Looking for an adventure? Skiing on an active volcano in New Zealand sound like it might scratch the itch? Mount Ruapehu, located in Tongariro National Park, is one of New Zealand’s greatest outdoor playgrounds. It’s home to two ski areas, Tūroa and Whakapapa, with Whakapapa taking the title for the largest ski area in the North Island, and offering a second-to-none view from its high point above the clouds.
Come winter, when the slopes are covered in powder and everyone in New Zealand wants to be in the snow, this volcano is the place to be. With two ski fields to choose from, a central location and the best views in the world across New Zealand’s crazy volcanic region, this place answers even the hungriest search for adventure. Mount Ruapehu is also an easy weekend trip from anywhere in the North Island, which means it’s buzzing all winter long.
The mountain is known for its winter alpine happenings, but it’s actually a great summer activity zone, too. The newly built Sky Waka gondola takes visitors up to the Knoll Ridge Chalet, 2,020 metres above sea level. At the top, there’s the choice of two restaurants for high flying dining, and a bunch of incredible walking tracks through rockscapes and along magnificent ridges. See across to the striking Mt Ngauruhoe, set against the Mars-like volcanic plains of the region.
On that note, yes, Mount Ruapehu is an active volcano, and its name literally means ‘exploding pit’ in Maori, which it has lived up to several times over the years. It’s been erupting regularly since 1969, the last times being in 1995 and 1996. The volcano and its lake are regularly monitored to make sure people get plenty of warning if things are looking wobbly.
Mount Ruapehu also holds strong spiritual significance and heritage for local iwi (tribes), who often refer to the mountain (or maunga) as Koro (grandad) Ruapehu.
Is Mt Ruapehu open for skiing?
Heck yeah, it’s the highest mountain within the North Island, and in winter, it’s New Zealand’s most varied playground. For beginners, Whakapapa provides the perfect mellow terrain to learn and practice on, that won’t scare the ski pants off you. The aptly named Happy Valley is a wide gentle bowl – it’s probably the best place in the country to learn to ski. And, because the rest of the mountain offers more than enough for everyone else, you can learn sans the terrifying experience of experts roaring past at breakneck speed.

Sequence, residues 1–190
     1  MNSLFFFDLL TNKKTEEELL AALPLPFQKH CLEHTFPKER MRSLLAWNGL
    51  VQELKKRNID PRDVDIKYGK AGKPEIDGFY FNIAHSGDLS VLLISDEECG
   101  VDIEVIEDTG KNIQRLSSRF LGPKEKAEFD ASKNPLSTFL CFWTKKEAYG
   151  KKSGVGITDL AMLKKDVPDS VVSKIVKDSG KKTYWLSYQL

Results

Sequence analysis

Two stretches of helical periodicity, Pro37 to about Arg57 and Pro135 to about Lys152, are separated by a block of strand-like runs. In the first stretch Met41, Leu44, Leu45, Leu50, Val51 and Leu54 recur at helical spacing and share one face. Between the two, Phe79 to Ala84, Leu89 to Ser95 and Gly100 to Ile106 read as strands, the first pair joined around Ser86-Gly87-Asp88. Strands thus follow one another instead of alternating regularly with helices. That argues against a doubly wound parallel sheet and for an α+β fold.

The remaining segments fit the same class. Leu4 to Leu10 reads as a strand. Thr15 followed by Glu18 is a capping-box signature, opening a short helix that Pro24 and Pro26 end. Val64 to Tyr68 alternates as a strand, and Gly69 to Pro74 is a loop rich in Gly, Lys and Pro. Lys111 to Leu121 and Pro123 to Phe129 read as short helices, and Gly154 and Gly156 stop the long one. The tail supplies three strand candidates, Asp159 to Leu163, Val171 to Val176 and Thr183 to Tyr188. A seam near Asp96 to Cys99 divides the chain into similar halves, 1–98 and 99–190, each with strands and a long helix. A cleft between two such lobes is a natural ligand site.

For the rest, the rugged volcanic landscape of Mount Ruapehu provides some awesome varied terrain across both Whakapapa and Tūroa, especially on a fresh snow day. Tūroa, with 25 black and black diamond runs, is especially epic for the confident, adventure-hungry skier or rider. Think chutes, drops and plenty of space to cut a fresh line, especially if you get up there for first chair. Whether you’re here to ski from open to close or more of a two-runs-then-stop-for-a-mulled-wine kinda person, there’s something for everyone at Ruapehu. Family weekend away? Done. Looking for a hot date idea? Sorted.
In winter, the little alpine village of Ohakune is a great base. It’s just 25 minutes from Tūroa and 45 minutes from Whakapapa on the main mountain road, and has heaps of accommodation, restaurants and gear hire. Most importantly, though, it’s the perfect place to share the vibes with your fellow powder hounds, with mulled wine on the menu for apres wherever you go. Plenty of New Zealanders travel from all over to enjoy the ski season, so the place is alive all winter.
When is Mt Ruapehu open?
Since the opening of the Sky Waka, almost all year round; spend the day soaking in some of the best views in the world, whether your pins are in skis, a snowboard or firmly planted on the warm summer earth. The ski season is generally from June until October.
When the snow’s gone, take a ride up into the clouds with the Sky Waka from December to May, with friendly staff available on the mountain between the hours of 09:30 – 16:00. For more information on hikes and the weather, the Mt Ruapehu web page has both phone numbers and a contact email address, as well.
Can you swim in Mt Ruapehu Crater Lake?
Mt Ruapehu is full of popular hiking trails, from easy to difficult, with the most challenging in the area being the Crater Climb. This one is for experienced mountaineers only. The water in the lake may seem warm and inviting, but it’s really acidic, and definitely not safe for swimming.
Can you drive up Mt Ruapehu?
Yep, you can take the mountain road up from Ohakune, which takes 25 minutes to Tūroa and 45 minutes to Whakapapa. If you don’t have a car or don’t fancy the drive, don’t sweat it – share the journey by taking one of the shuttles from Ohakune, or a bus from Taupo or Rotorua.
What do you wear to Mt Ruapehu?
In winter, we’d recommend ski gear. It’s cold. It can be an expensive exercise, so a life hack is to buy half price ski gear for next year at the end of the season. In summer, if you’re simply sightseeing, bring extra layers even if it’s warm down the bottom – remembering it’s a prime time to get good gram content, too. For hitting the hiking trails, make sure to pack a waterproof layer, warm clothes and plenty of snacks.
Is Mt Ruapehu dangerous?
As a volcano, there is a certain amount of risk involved. Mt Ruapehu is the most active of the volcanos in the Tongariro National Park, but that also means it’s really well monitored. Plus, the risk factor adds to the experience, right?
If it’s a playground you’re after, you’ve found it at Mt Ruapehu.